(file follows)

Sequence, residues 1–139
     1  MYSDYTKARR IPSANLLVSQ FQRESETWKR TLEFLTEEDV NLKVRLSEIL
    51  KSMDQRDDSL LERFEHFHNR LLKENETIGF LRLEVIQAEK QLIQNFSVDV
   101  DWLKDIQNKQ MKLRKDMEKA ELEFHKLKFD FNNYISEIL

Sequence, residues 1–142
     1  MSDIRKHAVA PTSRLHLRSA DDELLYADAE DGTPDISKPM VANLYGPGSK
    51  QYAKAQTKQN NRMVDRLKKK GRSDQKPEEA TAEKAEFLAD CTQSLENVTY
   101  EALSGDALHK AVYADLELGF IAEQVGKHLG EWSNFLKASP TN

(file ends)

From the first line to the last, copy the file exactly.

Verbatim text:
Sequence, residues 1–139
     1  MYSDYTKARR IPSANLLVSQ FQRESETWKR TLEFLTEEDV NLKVRLSEIL
    51  KSMDQRDDSL LERFEHFHNR LLKENETIGF LRLEVIQAEK QLIQNFSVDV
   101  DWLKDIQNKQ MKLRKDMEKA ELEFHKLKFD FNNYISEIL

Sequence, residues 1–142
     1  MSDIRKHAVA PTSRLHLRSA DDELLYADAE DGTPDISKPM VANLYGPGSK
    51  QYAKAQTKQN NRMVDRLKKK GRSDQKPEEA TAEKAEFLAD CTQSLENVTY
   101  EALSGDALHK AVYADLELGF IAEQVGKHLG EWSNFLKASP TN